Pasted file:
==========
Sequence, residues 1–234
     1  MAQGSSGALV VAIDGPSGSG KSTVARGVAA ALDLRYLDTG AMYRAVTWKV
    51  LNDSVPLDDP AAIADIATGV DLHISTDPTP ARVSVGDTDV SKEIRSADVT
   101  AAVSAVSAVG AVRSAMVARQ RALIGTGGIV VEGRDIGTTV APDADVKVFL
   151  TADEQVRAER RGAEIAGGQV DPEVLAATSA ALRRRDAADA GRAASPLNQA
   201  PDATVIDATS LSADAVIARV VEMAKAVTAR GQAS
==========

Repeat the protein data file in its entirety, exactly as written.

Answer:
Sequence, residues 1–234
     1  MAQGSSGALV VAIDGPSGSG KSTVARGVAA ALDLRYLDTG AMYRAVTWKV
    51  LNDSVPLDDP AAIADIATGV DLHISTDPTP ARVSVGDTDV SKEIRSADVT
   101  AAVSAVSAVG AVRSAMVARQ RALIGTGGIV VEGRDIGTTV APDADVKVFL
   151  TADEQVRAER RGAEIAGGQV DPEVLAATSA ALRRRDAADA GRAASPLNQA
   201  PDATVIDATS LSADAVIARV VEMAKAVTAR GQAS